Practice Tip: Making wise choices about the books and magazines you read, the movies you see, and the company you keep will help you conserve energy and keep your mind focused and dynamic. Being moderate in all sensual activities so that you don’t dwell on them, staying committed and faithful to one partner in a relationship that is mutually supportive—this is the middle path of brahmacharya.
e. Non-Possessiveness (Aparigraha) Graha means “to grasp” and pari means “things”: aparigraha means “not grasping things,” or non-possessiveness. It helps us achieve a balanced relationship with the things that we each call “mine.”
A yogic maxim says, “All the things of the world are yours to use, but not to own.” That is the essence of aparigraha. Whenever we become possessive, we are in turn possessed, anxiously holding onto our things and grasping for more. But when we make good use of the possessions that come to us and enjoy them without becoming emotionally dependent on them, then they neither wield power over us nor lead to false identities and expectations.
Practice Tip: Examine your own tendencies toward possessiveness. Do you take better care of an object in your possession than one belonging to someone else? Do you acquire more of something than you can use? Do you depend too much on others, give more in a relationship than is healthy for you, replace mutual give-and-take with the need for tight-fisted control, or attempt to increase your self-esteem by gaining someone else’s love? The practice of non-possessiveness helps us to examine our assumptions and guides us back to healthy relationships with others.
The 2. Niyamas relate to our relationship with ourselves. They offer us a framework for self-discipline and remind us of the importance of our actions (and inactions).
a. Self-Purification (Shaucha) Shaucha means “purification; cleanliness.” It includes a number of techniques for cleansing the body as well as the mind, and it has even been called the aim of the entire system of yoga. The sages say that shaucha is not only the foundation for bodily health, it is also the doorway to deeper and more tranquil states of meditation.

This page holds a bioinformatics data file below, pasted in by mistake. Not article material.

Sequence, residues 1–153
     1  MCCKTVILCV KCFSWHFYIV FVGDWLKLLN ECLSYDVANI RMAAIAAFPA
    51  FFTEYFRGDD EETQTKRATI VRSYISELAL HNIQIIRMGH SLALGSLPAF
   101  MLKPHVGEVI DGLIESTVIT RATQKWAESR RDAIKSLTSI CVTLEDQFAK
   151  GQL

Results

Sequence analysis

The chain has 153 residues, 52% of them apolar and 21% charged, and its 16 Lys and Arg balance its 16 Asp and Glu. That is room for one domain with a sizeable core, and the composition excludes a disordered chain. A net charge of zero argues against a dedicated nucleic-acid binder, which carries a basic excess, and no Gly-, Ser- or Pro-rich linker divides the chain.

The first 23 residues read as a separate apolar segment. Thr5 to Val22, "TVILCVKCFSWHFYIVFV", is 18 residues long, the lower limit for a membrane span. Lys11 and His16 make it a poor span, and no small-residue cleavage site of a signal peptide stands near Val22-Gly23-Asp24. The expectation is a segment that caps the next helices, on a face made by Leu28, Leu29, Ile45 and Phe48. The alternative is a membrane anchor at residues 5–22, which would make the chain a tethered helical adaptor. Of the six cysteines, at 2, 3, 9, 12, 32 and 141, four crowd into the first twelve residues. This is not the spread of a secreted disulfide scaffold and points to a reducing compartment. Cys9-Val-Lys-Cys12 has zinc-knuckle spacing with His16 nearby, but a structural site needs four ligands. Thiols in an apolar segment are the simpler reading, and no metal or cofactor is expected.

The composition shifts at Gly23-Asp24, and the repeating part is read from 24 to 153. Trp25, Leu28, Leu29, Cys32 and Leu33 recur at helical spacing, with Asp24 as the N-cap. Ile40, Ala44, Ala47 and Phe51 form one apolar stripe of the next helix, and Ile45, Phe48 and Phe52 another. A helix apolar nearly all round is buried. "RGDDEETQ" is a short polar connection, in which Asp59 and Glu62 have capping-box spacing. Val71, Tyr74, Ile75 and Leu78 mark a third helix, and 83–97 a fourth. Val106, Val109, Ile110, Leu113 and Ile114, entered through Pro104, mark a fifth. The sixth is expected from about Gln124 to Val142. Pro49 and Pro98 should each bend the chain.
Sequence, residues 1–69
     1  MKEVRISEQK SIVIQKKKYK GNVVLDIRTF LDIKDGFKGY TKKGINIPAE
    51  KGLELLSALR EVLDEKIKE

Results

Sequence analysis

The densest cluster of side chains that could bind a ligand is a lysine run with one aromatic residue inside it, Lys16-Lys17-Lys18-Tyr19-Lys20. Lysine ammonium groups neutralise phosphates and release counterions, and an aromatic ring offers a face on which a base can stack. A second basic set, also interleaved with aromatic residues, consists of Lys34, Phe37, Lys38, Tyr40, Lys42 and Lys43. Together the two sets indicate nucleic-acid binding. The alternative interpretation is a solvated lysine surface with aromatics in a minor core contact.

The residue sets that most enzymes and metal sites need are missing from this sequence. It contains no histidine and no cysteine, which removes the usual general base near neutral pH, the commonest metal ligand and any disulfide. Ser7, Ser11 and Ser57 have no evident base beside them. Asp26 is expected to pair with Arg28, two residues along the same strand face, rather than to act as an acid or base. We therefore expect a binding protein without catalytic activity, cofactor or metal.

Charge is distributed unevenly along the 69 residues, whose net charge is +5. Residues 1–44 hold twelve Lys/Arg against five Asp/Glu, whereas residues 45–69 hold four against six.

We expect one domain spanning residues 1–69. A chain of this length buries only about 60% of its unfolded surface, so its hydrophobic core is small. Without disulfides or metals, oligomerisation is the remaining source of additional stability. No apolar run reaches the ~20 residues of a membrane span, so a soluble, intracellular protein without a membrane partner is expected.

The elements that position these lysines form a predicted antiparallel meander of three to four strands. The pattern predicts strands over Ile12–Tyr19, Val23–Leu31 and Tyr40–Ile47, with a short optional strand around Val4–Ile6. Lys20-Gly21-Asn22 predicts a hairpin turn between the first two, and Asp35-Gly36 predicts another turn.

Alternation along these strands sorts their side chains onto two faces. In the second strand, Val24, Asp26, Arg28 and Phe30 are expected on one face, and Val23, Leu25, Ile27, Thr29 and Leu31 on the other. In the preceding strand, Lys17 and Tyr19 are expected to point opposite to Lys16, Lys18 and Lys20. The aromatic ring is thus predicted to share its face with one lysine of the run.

Practice Tip: Select wisely from the many choices of food, emotions, and thoughts waiting to come into your body and mind. As the body becomes purified you will experience radiant health; as the mind becomes purified you will feel increasingly clear, friendly, and cheerful.
b. Contentment (Santosha) The word santosha means “contentment” as well as “delight, happiness, joy.” It comes from an experience of acceptance—of life, of ourselves, and of whatever life has brought us. When we are content, we are happy. Thus—and here is the key to this niyama—through the power of contentment, happiness becomes our choice.
Practice Tip: Let go of the past. Do not condemn yourself for not being wiser, wealthier, or more successful than you are. Free your mind of expectations. Then you will see life in a larger context and be able to ride its ups and downs with equanimity.
How do you achieve contentment when inwardly you are disappointed and striving for change and improvement? Create it. Try to keep in mind the yogic premise that whatever you have in the present moment is enough. Once you do this, happiness will find an enduring place in your life; whatever aspirations you have for the future will simply add to your joy.
c. Self-Discipline (Tapas) The literal definition of tapas is “heat,” in this case the heat that builds during periods of determined effort. Tapas accompanies any discipline that is willingly and gladly accepted in order to bring about a change of some kind—whether it be improved health, a new habit, better concentration, or a different direction in life. Tapas focuses energy, creates fervor, and increases strength and confidence. The practice of asanas is a form of tapas for the body; meditation is a tapas that purifies and focuses the mind.
Practice Tip: Remember that tapas can go hand in hand with any task—even something as mundane as cleaning the bathroom floor. Whenever we perform our actions with full determination and effort, they are performed with tapas.
Through the ardor of tapas, choose to make healthy changes in your life—but focus on only one or two changes at a time. Take small steps that can be accomplished successfully, and find replacements for habits that are unproductive.